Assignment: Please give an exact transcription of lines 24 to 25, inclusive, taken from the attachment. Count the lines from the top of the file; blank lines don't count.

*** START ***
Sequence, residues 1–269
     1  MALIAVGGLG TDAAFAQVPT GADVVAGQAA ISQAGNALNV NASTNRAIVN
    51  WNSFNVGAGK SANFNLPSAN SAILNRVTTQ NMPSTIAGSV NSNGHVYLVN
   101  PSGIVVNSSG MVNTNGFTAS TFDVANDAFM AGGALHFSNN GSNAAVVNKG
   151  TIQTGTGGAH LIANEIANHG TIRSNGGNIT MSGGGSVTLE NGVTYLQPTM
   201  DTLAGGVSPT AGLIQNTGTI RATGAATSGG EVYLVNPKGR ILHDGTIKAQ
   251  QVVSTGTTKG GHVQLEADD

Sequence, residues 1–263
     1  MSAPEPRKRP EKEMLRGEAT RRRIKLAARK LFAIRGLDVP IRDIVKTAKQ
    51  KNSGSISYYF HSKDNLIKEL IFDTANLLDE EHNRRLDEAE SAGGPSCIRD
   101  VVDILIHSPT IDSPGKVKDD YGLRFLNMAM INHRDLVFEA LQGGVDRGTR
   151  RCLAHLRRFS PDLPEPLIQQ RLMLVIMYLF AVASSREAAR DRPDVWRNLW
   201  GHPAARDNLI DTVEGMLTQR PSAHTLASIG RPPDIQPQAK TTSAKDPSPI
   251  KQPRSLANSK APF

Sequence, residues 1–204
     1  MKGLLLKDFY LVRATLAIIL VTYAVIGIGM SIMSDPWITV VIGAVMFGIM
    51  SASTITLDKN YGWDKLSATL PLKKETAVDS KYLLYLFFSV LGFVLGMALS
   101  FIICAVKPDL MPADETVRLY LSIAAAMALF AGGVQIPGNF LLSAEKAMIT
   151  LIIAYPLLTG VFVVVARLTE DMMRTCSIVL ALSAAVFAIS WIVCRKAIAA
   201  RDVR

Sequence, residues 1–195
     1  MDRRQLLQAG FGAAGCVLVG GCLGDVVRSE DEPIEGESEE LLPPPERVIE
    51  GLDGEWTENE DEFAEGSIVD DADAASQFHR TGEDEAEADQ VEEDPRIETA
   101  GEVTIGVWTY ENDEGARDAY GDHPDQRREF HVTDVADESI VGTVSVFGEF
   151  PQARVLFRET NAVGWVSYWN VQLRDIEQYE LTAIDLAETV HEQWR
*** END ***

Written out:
   101  GEVTIGVWTY ENDEGARDAY GDHPDQRREF HVTDVADESI VGTVSVFGEF
   151  PQARVLFRET NAVGWVSYWN VQLRDIEQYE LTAIDLAETV HEQWR